This is clearly a brute force algorithm, not particularly smart, but the beauty is that it can be easily generalized to solve different puzzles, I successfully used it to solve "find the exit of the maze" puzzles too.

Unfortunately the first working version of it came some time later (still before my friend did solve the puzzle manually tho :) ) running on a Ast Bravo 286 , which was my first MS-DOS PC running a 16 bit processor at an incredible speed of 10MHz.
A better version was coded in Turbo Pascal 3, later on improved with TP5.5 and finally refined with BP7 including some parts in assembly.

 I also implemented part of it in Scheme Lisp, using a functional approach with recursive calls instead of the imperative style of the first versions, however I came out with the impression that these kind of problems should be solved with low level languages since code execution speed matters a lot.

By the time I had the BP7 version of the code, I had a second computer, a 486 DX 50MHz which proved to be way faster than my old 286, but the idea was : can I have both two computers work at the same time, on the SAME solution?

I did not have a network connecting the two PCs, just a serial cable, and fantasized on how to have them working in parallel exchanging information to balance dynamically the load.
I implemented instead a simpler approach : the BP7 version was able to save it's state to disk and eventually resume the execution.
If you think, saving the state is pretty easy : you just need the step[]  array, anything else can be reconstructed.
This also meant that feeding a pre-filled step array to the program would make it take care of a PORTION of the executions.
I know it was not much, but it was a first step (my first step) into parallelism.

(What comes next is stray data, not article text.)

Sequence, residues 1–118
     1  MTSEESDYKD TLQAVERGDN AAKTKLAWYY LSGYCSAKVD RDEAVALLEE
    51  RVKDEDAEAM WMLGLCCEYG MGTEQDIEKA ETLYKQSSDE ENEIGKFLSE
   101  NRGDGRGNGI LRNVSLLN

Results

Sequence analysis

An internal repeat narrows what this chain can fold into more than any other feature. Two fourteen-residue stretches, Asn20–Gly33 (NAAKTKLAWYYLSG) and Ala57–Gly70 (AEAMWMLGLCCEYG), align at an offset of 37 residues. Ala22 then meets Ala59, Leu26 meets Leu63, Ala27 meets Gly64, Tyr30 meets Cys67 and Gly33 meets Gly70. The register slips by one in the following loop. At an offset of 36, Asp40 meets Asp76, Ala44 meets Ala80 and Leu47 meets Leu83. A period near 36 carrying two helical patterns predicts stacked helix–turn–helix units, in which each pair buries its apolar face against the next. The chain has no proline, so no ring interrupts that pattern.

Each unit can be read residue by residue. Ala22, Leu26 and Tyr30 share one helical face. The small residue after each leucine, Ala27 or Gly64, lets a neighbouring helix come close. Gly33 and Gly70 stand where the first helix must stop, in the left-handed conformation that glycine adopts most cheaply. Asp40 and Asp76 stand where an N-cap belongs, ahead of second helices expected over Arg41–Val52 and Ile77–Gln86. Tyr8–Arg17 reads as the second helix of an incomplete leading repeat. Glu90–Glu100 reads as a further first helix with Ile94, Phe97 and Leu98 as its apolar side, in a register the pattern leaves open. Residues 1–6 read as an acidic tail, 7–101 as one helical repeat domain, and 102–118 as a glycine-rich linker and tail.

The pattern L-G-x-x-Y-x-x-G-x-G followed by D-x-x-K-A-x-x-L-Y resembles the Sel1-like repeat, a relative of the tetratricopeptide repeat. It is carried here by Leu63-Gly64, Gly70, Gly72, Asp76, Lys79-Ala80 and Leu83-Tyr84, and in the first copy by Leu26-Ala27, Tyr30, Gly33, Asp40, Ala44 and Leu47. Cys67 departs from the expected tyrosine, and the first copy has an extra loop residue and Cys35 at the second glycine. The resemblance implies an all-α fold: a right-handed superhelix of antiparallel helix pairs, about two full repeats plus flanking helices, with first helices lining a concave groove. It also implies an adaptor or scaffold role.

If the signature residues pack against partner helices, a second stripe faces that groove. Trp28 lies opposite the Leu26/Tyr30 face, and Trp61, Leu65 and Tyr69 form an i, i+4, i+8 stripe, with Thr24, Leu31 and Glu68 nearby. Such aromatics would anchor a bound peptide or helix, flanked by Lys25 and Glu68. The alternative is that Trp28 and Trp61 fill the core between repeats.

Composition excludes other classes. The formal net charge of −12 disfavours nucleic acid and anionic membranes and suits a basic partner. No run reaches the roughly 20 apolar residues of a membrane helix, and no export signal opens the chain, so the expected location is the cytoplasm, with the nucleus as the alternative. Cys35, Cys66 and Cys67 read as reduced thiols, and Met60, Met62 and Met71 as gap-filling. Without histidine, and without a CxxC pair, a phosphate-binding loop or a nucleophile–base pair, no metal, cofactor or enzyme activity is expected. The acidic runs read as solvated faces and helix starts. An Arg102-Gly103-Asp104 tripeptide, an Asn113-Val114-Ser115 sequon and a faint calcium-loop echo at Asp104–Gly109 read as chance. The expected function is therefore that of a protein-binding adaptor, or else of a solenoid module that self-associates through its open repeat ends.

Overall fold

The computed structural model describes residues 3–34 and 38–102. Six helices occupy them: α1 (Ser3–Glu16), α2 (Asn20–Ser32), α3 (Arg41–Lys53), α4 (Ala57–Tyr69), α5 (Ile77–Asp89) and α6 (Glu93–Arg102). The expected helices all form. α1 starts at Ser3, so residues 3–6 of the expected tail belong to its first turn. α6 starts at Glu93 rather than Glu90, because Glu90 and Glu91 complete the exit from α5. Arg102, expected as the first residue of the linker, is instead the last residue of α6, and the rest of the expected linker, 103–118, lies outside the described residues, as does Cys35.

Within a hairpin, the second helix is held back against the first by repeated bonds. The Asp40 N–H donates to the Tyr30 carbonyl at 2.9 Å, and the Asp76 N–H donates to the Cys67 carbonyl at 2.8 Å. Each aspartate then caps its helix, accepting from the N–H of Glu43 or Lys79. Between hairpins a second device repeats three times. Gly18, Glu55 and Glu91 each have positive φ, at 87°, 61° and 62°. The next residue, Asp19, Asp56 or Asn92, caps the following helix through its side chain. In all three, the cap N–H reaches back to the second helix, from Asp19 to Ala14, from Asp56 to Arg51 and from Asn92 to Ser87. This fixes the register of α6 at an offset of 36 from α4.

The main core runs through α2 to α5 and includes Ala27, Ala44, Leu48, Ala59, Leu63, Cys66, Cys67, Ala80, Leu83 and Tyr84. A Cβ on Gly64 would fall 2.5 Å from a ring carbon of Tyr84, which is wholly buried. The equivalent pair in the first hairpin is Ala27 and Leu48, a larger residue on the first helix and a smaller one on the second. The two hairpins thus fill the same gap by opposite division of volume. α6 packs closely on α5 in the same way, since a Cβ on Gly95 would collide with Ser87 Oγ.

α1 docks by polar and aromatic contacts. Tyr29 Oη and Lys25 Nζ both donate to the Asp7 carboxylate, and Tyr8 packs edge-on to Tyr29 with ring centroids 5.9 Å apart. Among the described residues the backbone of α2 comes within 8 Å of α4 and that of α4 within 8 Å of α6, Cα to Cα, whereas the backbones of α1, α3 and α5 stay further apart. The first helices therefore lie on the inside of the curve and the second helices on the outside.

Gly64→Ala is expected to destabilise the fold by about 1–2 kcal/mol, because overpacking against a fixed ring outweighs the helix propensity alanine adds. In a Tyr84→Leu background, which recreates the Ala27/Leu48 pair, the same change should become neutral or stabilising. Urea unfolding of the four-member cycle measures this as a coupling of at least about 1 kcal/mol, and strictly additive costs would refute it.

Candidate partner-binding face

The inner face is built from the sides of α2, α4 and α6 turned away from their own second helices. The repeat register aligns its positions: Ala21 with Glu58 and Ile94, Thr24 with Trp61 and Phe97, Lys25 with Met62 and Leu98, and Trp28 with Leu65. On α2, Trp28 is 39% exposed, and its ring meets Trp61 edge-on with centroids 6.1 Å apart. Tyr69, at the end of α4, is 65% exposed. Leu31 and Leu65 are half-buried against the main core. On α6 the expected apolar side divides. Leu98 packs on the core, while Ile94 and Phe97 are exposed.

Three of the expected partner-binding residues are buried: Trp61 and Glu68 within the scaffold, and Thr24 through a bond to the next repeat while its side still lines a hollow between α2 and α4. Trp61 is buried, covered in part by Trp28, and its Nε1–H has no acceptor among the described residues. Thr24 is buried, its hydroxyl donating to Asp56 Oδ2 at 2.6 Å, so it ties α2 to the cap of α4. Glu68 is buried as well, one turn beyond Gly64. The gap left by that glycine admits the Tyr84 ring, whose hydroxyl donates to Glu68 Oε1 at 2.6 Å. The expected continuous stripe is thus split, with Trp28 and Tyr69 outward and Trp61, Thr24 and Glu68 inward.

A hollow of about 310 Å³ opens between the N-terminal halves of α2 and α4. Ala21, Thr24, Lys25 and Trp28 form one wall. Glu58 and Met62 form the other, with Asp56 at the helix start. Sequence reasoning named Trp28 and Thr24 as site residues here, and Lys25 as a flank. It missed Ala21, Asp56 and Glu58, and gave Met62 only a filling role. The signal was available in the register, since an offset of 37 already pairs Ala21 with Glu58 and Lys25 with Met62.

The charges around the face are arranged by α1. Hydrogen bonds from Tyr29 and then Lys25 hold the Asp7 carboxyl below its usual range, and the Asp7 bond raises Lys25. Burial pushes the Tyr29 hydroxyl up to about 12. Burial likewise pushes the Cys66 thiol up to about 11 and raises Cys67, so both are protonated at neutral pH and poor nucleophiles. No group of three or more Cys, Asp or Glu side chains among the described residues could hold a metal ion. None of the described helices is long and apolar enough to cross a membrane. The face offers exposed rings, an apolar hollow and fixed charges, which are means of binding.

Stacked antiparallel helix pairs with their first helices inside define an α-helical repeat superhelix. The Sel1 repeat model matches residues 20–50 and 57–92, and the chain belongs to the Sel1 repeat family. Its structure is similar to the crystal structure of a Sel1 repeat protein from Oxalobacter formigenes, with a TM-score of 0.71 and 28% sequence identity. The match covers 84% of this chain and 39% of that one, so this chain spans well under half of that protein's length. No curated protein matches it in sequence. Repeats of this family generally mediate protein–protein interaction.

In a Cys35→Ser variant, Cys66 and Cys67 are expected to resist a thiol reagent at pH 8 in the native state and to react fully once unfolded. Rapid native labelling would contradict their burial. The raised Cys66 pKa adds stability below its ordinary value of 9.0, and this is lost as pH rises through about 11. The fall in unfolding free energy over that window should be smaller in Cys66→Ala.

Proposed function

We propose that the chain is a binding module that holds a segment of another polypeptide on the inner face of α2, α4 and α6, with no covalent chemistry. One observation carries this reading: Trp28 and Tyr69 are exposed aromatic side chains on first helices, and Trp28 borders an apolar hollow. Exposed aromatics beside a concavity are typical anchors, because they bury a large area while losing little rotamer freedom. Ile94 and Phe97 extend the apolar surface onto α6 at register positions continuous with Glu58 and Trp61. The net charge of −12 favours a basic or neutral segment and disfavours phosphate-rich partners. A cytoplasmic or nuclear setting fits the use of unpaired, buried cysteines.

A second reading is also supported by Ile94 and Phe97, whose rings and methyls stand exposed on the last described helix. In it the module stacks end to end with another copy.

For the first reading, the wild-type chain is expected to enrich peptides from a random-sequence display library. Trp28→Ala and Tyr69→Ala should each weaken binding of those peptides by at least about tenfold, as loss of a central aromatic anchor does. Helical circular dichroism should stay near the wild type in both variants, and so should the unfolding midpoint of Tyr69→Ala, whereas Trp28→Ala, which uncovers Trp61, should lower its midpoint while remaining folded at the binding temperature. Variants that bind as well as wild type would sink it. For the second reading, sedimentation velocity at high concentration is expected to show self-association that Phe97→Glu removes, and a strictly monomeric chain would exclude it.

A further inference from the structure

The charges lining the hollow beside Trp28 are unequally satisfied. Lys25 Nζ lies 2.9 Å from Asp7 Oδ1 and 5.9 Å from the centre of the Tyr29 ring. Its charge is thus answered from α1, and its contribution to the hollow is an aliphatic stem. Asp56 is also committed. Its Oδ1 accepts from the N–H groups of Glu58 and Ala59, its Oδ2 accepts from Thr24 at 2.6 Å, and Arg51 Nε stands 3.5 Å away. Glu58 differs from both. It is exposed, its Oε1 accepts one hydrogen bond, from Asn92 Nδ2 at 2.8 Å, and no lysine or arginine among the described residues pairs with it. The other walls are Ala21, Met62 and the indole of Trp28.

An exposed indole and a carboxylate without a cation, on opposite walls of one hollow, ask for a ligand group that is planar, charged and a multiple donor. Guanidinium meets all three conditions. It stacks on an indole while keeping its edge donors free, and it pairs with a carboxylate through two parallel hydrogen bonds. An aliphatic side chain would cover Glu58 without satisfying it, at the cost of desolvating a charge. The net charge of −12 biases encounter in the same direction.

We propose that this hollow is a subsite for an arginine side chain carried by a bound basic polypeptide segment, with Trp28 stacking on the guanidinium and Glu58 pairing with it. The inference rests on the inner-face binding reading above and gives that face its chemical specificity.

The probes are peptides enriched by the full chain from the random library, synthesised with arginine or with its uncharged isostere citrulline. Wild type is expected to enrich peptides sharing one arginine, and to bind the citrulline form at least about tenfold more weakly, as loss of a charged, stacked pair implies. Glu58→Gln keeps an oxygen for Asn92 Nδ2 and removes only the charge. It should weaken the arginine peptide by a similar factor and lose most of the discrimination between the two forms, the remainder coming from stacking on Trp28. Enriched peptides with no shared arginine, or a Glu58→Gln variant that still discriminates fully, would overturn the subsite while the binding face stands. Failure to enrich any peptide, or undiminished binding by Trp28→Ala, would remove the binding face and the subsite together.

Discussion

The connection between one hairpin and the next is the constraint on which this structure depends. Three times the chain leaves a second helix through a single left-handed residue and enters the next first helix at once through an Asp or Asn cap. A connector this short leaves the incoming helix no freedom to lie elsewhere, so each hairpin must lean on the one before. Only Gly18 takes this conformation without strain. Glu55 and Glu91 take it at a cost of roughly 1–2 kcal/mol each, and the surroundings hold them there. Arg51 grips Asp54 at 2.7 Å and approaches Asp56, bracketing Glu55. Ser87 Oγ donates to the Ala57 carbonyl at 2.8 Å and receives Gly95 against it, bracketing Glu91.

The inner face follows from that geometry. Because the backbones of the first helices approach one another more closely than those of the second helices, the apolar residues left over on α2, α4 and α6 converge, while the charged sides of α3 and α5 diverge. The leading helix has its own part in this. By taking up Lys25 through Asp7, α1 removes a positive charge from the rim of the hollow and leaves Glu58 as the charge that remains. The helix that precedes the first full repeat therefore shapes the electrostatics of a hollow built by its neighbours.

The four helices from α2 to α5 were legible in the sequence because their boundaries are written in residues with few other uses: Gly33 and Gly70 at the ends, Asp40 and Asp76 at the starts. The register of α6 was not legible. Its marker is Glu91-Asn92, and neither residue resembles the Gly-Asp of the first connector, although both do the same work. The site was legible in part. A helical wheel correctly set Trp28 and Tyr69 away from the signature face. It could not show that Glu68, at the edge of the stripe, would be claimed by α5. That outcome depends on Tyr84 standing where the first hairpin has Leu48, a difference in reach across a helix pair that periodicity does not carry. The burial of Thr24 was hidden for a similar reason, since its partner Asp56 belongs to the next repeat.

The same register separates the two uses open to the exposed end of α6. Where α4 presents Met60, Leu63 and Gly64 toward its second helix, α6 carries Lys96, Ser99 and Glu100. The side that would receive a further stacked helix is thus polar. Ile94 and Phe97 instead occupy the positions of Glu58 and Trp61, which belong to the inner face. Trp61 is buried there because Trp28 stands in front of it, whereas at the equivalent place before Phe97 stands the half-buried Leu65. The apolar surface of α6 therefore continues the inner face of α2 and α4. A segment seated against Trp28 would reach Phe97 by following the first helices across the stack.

After all Latin was useful for me as I would have never faced this challenge without the boredom that "Rosa, Rosae, Rosae..." can generate, plus, as a bonus, now I can say basic profanities in the same language that the Pope speaks!

Recently I have been fiddling around parallel computing (for data mining and similar stuff), played a bit with map-reduce and some basic implementations in Python.

Map reduce is a great solution for some problems, provided you can pre- partition the data in a way that a master node sends packages of data to mapper (and finally reducer) client processes.
The issue I see is that you cannot (I believe) use it for a generic calculation where the step n depends on the steps [0..n-1], situation that can be easily represented by the puzzle I illustrated.

Now, I have two questions in my mind :
1) Do we have real problems to be solved that can be eventually attacked with an approach  similar to a generalized version of my puzzle algorithm?
2) Which kind of balancing mechanism can be implemented to dynamically manage executions in parallel?

I have hard time figuring out point 1 (damn, I should have payed more attention to those Latin lectures, I am sure they would have been useful here!!), but I have some ideas for point 2.

The idea is :
what about experimenting with real hardware devices without an OS on them, extremely flexible in a way that we could eventually implement a low level communication protocol between them... and extremely cheap?
Are you thinking what I am thinking?
Cheap microcontrollers scaling up to ARM Sitara microprocessors (MSP430G2 up to BeagleBone Black with a Sitara @1GHz: 45$ )   
For the actual balancing mechanism, I think it should be possible to work with a topology with no master and having peer clients exchanging directly information (maybe using SPI), I have some basic ideas, but I need to run some simulations first.

OK, this post is too long now, so I will follow up maybe next week in another post, meanwhile feel free to send your ideas, suggestions...

... and I will refrain from closing with a Latin quote.

[update : Example algorithm (in Java) here]